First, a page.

Sticking with the theme of white summer flowers, we will move on to look at the elder. Earlier on in the year we looked at the Jews Ear fungus growing on some of the elder in the woodland, but now the focus is on the flowers. Like blackberries, Elder is one of the most commonly foraged for wild foods and it is abundant in hedgerows and verges at this time of year.

Elder growing in a light area in the center of the woodland copse

Elder growing in a light area in the center of the woodland copse

Elder is one of those really useful native species which is often undervalued. It provides good foraging for wild game such as deer and is classified as nesting habitat for a range of birds. The flowers provide nectar for pollinating insects and later in the year a wealth of elderberries will provide food for birds and small mammals. It also provides good lower level cover in a woodland habitat.

Aside from its wildlife value, elder has also been used through out history into the present day as a culinary plant, although it is worth noting that all of the green parts of the plant are poisonous, containing cyanogenic glycosides. The berries can be eaten raw when fully ripe, but are mildly poisonous in their unripe state. Elderberries are most commonly used in cooking to make jam, jelly, chutney and used to infuse alcoholic drinks.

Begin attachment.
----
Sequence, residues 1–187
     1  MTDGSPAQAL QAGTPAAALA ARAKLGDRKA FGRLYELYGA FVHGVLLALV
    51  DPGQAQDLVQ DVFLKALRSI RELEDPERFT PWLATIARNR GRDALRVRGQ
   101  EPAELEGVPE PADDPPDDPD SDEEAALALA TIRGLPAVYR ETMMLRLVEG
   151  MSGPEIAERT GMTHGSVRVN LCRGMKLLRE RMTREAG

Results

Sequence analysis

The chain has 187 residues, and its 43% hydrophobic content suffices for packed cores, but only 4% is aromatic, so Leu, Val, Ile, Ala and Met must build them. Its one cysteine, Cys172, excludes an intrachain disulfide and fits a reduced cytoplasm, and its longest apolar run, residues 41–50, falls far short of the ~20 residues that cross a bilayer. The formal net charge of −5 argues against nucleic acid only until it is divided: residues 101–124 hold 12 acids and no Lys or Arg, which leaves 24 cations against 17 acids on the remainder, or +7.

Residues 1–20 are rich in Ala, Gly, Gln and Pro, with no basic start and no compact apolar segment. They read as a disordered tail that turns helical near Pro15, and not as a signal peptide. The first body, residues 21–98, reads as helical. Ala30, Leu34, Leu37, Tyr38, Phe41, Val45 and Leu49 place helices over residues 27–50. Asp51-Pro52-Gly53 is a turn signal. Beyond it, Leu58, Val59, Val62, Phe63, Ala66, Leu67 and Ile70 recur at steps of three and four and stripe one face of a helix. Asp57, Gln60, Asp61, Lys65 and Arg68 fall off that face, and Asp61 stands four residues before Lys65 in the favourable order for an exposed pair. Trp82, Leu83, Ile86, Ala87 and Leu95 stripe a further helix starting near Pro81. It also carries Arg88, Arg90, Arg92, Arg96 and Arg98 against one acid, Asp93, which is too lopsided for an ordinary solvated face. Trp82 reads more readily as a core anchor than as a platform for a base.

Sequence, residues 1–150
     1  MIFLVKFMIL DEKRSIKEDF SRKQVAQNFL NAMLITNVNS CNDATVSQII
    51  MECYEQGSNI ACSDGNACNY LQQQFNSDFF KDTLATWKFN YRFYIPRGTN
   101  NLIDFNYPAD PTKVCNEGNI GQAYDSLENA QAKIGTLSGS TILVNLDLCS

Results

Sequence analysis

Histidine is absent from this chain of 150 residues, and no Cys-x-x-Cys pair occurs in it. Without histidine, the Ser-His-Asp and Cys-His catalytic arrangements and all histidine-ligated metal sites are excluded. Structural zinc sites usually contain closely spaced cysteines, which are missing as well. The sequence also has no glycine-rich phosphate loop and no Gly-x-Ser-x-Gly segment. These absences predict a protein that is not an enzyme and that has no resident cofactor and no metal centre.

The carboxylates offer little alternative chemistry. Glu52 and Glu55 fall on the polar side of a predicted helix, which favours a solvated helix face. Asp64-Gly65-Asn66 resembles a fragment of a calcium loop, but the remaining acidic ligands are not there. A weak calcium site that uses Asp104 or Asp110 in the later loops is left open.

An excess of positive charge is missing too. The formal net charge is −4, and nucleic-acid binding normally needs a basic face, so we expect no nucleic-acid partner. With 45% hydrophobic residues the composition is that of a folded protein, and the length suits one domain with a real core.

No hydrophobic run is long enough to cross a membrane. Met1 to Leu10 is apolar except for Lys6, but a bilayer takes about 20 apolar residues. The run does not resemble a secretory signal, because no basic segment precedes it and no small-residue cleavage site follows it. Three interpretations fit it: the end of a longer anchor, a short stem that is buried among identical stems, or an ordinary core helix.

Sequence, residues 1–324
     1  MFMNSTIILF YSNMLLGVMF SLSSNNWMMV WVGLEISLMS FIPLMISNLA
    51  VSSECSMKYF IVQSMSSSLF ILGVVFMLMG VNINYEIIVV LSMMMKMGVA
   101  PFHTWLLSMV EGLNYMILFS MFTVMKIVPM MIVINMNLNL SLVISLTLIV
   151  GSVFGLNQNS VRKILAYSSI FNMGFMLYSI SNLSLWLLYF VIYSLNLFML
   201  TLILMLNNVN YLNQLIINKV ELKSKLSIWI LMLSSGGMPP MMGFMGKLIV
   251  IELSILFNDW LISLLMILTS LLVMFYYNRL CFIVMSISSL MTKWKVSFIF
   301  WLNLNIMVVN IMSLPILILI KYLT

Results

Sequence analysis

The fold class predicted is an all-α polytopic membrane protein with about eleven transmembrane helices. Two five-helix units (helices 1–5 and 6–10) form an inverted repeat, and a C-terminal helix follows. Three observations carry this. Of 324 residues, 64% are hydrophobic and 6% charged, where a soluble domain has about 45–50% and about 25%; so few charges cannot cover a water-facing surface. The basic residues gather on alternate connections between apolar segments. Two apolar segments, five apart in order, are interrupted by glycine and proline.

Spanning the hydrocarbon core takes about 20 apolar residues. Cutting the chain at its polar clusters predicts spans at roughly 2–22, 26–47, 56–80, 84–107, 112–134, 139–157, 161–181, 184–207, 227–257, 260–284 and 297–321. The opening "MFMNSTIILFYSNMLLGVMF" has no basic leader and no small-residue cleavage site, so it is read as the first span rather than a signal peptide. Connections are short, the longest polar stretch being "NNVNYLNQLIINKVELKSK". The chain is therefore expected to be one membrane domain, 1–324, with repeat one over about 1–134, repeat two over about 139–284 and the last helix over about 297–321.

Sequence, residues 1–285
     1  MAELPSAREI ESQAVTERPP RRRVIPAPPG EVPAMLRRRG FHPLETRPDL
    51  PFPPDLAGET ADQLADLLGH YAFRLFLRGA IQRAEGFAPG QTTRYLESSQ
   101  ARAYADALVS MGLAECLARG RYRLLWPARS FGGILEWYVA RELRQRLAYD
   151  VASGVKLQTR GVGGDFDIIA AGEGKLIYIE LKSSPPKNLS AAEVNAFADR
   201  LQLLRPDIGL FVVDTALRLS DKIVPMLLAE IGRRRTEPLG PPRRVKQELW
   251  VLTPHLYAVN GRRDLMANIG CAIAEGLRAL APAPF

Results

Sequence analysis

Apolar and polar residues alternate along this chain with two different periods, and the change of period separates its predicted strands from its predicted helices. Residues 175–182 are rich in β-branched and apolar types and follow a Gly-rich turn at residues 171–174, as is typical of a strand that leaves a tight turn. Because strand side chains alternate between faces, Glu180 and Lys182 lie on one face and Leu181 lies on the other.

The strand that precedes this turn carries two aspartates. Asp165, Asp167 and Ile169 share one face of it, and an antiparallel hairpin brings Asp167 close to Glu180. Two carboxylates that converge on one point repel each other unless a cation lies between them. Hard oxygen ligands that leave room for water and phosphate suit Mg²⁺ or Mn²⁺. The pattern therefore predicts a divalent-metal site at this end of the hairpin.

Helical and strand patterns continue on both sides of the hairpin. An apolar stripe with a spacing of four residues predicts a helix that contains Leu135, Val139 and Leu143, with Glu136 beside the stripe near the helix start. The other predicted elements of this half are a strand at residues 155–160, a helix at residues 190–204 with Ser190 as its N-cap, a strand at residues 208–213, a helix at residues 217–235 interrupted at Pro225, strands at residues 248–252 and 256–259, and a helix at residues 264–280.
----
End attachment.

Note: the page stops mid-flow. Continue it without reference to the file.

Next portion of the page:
The flower heads are commonly used to make elderflower cordial which is diluted with water before drinking. Additionally, the flowers can be used to make alcoholic drinks including elderflower wine and champagne.

One of the nicest culinary uses for elderflower that I have come across was a batterred elderflower fritter served with homemade strawberry ice cream. The flower heads were left attached to the stalk and the whole head was dipped into a batter mixture, then into hot oil to make it crisp. The finished result looks like this:

Elderflower fritter

Elderflower fritter

For the full recipe, go to http://www.guardian.co.uk/lifeandstyle/allotment/2010/jun/16/gardens-food-and-drink

And sticking with the theme of blossoms and berries, the last time we took a look at the hawthorn it was in full blossom. Now only a few weeks later, the blossom has gone, replaced with young haws which will develop over the coming months to a deep red fruit.

Young haws developing in the hedgerow surrounding the woodland

Young haws developing in the hedgerow surrounding the woodland

So, that’s it for this week. Join us next week for another walk in the woods.

http://www.tree-creeper.com

Woodland Watch – Week 11 – 29/05/2013

Approaching the woodland through the beautiful meadows I couldn’t help but take some photos for woodland watch! Although the surrounding meadows are very different to the woodland area, they have a large impact on the woodland environment, especially given the small size of the wooded area.

Here you can see the meadow approaching the coppice area.

Meadow approaching the coppice

Meadow approaching the coppice

Eight small meadows surround the coppice and are an excellent example of how meadows used to be before intensification made them the rarity they are today. The site has been protected as a SSSI as a high quality hay meadow.